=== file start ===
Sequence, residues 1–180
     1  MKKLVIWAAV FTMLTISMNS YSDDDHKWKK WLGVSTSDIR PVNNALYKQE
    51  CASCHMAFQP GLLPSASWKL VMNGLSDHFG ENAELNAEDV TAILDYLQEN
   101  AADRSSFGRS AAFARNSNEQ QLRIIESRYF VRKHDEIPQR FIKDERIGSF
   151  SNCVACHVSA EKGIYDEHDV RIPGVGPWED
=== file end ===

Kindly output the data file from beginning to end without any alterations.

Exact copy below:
Sequence, residues 1–180
     1  MKKLVIWAAV FTMLTISMNS YSDDDHKWKK WLGVSTSDIR PVNNALYKQE
    51  CASCHMAFQP GLLPSASWKL VMNGLSDHFG ENAELNAEDV TAILDYLQEN
   101  AADRSSFGRS AAFARNSNEQ QLRIIESRYF VRKHDEIPQR FIKDERIGSF
   151  SNCVACHVSA EKGIYDEHDV RIPGVGPWED